I’ve been thinking a bit about all of the efforts by librarians and others to get official verified authenticated (“official”) versions of governmental materials out on the Internet. There have been a few voices questioning the effort (John Joergensen for one) but I think that my criticism is more radical and comes from a slightly different direction.
Come on, follow me down my rabbit hole. The first question is why. Why do we need “official, verified, authenticated” copies? The easy answer is that we need the “right” stuff. The easy answer is, as far as it goes, true. People do rely on these materials to make important decisions. But, it seems to me that we are ignoring half the equation. We see the benefit of having legal information “official”: people can get the “right” law, but we don’t seem to look at the other side of the coin.
First, what we have today for most of our law are not “official” versions. Now, as Joergensen points out, we are using Wexis’ name and reputation as a replacement for “official”. Librarians propose that in addition to this model, we ask the producers of the information to release an “official” version of their material. That’s a great dream, but along the way we’ve seen some bumps ranging from the failure of some governments to release much of anything to many governments releasing material but not putting their imprimatur on the material. It’s been well over a decade and the amount of “official” government material has grown (especially at the Federal level) but not nearly most of the material is deemed “official” today.
By insisting that the legal material on the web be “official” we are adding a large barrier to entry into the market. What we are saying is that Wexis gets a pass but to get into the market, everyone else needs to wring “official” material out of the government.
In addition, I’m not convinced that we get a better product by insisting on an “official” version. As I understand it, LII gets and electronic feed from Congress. By saying that we can’t rely on LII we’re saying that there is a problem with Congress or LII. (jokes about Congress here, but the law does emanate from them). Now-a-days with data fed electronically from one place to another the risk of inadvertent mistakes is smaller than when the material was keyed in.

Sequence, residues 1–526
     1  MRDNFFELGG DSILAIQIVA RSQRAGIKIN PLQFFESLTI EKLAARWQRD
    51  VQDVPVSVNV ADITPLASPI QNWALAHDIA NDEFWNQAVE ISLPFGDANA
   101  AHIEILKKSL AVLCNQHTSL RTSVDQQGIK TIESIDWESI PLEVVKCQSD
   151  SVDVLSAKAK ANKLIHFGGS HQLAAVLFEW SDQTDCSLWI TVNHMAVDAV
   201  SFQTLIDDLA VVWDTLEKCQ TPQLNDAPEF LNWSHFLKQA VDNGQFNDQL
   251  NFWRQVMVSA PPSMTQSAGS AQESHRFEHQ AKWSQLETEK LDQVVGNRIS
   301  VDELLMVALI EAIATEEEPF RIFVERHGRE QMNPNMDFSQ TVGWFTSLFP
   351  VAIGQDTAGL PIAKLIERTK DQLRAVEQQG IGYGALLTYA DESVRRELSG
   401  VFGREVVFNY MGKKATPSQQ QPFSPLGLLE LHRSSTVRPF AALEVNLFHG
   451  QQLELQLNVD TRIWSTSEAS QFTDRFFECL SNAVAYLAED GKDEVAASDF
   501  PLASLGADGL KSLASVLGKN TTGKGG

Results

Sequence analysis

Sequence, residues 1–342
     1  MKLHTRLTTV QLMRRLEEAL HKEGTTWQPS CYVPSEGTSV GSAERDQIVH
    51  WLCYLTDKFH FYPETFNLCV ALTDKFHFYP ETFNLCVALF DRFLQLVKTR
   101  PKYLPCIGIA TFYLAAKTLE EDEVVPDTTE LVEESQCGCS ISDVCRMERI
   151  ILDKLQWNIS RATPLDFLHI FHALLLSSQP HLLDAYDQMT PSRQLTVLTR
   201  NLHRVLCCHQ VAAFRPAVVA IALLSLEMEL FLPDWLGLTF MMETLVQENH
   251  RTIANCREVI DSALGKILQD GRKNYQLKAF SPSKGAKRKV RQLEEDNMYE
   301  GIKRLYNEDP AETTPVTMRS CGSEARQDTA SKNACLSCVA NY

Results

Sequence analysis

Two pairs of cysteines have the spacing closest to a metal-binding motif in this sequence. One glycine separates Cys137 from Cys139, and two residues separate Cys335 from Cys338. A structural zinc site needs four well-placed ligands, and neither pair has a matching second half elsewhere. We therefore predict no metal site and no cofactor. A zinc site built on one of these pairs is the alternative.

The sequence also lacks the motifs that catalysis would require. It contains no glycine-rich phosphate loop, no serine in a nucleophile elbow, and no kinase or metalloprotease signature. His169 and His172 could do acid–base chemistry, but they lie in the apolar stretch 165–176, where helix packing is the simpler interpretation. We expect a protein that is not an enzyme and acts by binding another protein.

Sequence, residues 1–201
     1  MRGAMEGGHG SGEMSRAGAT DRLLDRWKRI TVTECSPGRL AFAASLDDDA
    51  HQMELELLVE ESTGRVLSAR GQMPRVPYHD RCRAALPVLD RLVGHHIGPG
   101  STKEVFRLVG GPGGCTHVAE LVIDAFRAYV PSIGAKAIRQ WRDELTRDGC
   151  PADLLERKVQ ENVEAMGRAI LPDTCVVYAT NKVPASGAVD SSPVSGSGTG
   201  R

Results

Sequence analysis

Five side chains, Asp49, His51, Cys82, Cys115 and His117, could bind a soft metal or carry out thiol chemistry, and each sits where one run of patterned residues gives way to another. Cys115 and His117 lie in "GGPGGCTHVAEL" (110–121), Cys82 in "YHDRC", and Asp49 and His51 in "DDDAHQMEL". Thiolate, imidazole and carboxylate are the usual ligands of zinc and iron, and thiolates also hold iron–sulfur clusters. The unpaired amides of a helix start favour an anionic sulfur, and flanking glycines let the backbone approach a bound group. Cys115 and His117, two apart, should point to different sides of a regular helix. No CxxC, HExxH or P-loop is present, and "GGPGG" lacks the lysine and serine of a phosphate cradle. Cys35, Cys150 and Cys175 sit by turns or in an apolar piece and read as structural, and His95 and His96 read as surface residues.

But, some say, what about other less reputable organizations other than LII. Here I find myself to be in the interesting position of arguing for the free market. If the reliability (and deep pockets) of Wexis is important, there is a place in the market for you. If I can get a feed from the court and I let Google crawl my machines, why shouldn’t I?
But raising the barrier to entry, we librarians are hurting (I was going to say cripple but I don’t want to overstate it that much) the development of cheap, free, innovative legal research products.
I think that we are letting the perfect kill the good. Ideally, we would have “official” versions of all law put online for free in a good XML format so that all sorts of information providers can get a whack at the data. But, until then, I say let all of the flowers bloom. Get the data out there. The fly-by-nights will be gone soon enough. If the reassurance (and searching) of Wexis is worth what they charge (and if you have the cash) fine, but if you are poor or you think that a data stream from the creator of the information is good enough, you should be able to use that.
In terms of veracity and reliability what we have today is no more than reliance on two big private companies. I think that until we get them out of the business of telling us what law is true, we won’t get the government into it.
In fact, I’m not convinced that we need anyone in that role, I think that the combination of a working market and the adversarial nature of the law would ensure that all “incorrect” versions are found and eliminated quickly.